ETD: Leading EMC into an open future | #openstack

ETD: Leading EMC into an open future | #openstack

The Emerging Technologies Division (ETD) at EMC is tasked with propelling EMC Corp. into the future by embracing innovations like open source and Cloud computing, new areas for the company. Randy Bias, vice president of Technology in the ETD, is helping the company shift to this new paradigm. “I think of Cloud computing as being a new IT paradigm that largely comes from the web-scale players,” Bias told theCUBE during the OpenStack Summit. “The way the Googles, Amazons, Facebooks, Twitters think about the world is now bleeding into the mainstream, and that’s Cloud computing. That’s not VMs on demand, that’s not... more »
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Premium Research

- Stuart Miniman

The emerging PaaS platforms (Cloud Foundry, Heroku, OpenShift, Docker) are all evolving to capture the mindshare of developers. While the PaaS battles are still in early days, Cloud Foundry is emerging as a leading open source platform and ecosystem to build and deploy the new Cloud Native applications that are driving these economic changes via software. But this Platform-as-a-Service (PaaS) model requires changes to technology, skills (people) and internal IT processes. This means enterprises need to become familiar with this development and operational model to best understand how they can accelerate using Cloud Native applications to give themselves a business differentiation.

- David Floyer

Platform-as-a-Service (PaaS) is a full application lifecycle cloud service including initial development, testing, deployment, operations and maintenance. Wikibon defines three different PaaS cloud services, 1/ PaaS integrated with IaaS, an integrated platform (e.g., IBM Bluemix, EMC Pivotal Cloud Foundry), 2/ PaaS on top of IaaS, combining development services onto a specific platform (e.g., AWS, Microsoft Azure) and 3/ PaaS on top of SaaS, a development front-end to a SaaS platform with its underlying infrastructure (e.g., ServiceNow, SalesForce). Wikibon will be using this topology to define its PaaS analysis and forecasts.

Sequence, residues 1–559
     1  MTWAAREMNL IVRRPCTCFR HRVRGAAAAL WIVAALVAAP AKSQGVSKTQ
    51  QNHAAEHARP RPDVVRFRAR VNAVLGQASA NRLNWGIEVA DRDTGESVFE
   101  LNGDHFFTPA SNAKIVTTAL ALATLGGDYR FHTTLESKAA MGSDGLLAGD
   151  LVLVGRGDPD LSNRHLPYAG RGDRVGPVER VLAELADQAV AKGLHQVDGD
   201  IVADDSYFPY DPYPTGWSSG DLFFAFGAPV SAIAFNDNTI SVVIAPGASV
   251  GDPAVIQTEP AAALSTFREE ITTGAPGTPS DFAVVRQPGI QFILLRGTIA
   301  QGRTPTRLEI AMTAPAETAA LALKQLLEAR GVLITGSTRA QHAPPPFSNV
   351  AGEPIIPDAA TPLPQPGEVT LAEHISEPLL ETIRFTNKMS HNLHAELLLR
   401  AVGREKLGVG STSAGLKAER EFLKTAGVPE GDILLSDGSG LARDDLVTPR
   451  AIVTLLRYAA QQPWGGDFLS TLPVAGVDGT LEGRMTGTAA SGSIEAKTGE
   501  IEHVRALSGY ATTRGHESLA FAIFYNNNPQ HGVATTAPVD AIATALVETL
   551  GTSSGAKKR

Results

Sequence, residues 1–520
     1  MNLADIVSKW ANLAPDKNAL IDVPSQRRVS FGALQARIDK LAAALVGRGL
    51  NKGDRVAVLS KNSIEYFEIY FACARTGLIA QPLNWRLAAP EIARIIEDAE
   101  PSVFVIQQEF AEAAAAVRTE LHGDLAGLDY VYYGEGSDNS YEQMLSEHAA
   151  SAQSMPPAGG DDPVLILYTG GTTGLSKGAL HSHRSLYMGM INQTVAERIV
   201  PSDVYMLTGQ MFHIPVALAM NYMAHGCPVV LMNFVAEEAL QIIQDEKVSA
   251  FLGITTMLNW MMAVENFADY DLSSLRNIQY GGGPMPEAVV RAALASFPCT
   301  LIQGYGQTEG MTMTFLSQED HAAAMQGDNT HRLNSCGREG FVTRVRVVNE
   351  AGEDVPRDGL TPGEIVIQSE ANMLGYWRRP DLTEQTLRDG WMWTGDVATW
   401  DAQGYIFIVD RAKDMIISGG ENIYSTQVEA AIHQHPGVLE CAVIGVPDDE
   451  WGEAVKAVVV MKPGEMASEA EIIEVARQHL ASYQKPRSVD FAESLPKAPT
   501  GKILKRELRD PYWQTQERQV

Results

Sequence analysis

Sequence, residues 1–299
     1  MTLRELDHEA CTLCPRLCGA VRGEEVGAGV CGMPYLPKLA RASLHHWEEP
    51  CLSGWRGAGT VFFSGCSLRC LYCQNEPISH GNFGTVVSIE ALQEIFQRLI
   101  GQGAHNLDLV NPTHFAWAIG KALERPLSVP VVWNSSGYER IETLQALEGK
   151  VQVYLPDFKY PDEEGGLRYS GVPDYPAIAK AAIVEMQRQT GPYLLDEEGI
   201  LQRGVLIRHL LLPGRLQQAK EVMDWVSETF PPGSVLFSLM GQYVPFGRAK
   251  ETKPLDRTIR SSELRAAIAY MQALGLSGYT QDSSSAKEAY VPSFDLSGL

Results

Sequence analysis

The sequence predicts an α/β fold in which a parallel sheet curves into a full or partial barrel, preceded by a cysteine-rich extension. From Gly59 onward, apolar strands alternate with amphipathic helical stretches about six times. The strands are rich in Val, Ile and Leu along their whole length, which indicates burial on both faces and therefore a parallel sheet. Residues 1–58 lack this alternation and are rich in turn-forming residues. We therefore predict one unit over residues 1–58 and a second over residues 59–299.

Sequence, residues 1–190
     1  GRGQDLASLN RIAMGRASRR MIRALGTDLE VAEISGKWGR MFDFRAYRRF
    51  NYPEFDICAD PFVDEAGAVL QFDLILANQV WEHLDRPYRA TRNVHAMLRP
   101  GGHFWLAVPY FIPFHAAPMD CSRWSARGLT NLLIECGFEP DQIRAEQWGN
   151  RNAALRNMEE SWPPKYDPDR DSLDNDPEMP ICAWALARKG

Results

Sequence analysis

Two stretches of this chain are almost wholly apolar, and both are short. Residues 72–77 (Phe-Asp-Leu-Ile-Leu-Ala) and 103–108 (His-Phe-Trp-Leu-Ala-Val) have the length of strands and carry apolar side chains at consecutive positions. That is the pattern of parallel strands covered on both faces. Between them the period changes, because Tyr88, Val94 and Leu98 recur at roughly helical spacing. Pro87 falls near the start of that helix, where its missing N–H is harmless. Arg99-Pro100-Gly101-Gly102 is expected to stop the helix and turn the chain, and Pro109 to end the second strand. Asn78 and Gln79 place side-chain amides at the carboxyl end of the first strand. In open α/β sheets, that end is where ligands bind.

- Jeff Kelly

When I began covering the Big Data market for Wikibon back in early 2011, it was early days. Big Data technologies such as Hadoop and NoSQL, while still early in their development, were becoming better known by enterprise practitioners. The market for commercial Big Data technologies and services was small but on the verge of rapid growth. But from a business use case perspective, Big Data was long on promise but short on specifics. A lot has changed over the last four years. Without question, Big Data technologies have developed at breakneck speed due in large part to a vibrant open source community of developers. Hadoop in particular has taken great strides. What was once a batch processing, unsecure and somewhat finicky framework is now a much more comprehensive, enterprise-grade, multi-application supporting Big Data platform.

- Steve Chambers

Hybrid cloud is being touted as the best solution for enterprises today but it is under attack. Complex enterprises have complex needs which means they are unlikely to get everything they need from one hybrid cloud. Investing in a single hybrid cloud to glue one private and one public cloud together is not the ultimate answer, as recognised by many referring to hybrid cloud as "a journey". However, the danger is that if you design for a dual-element hybrid cloud then you will not equip yourself for the extensibility required to snap in/out new/old cloud elements over time, and you will still be down a dead end.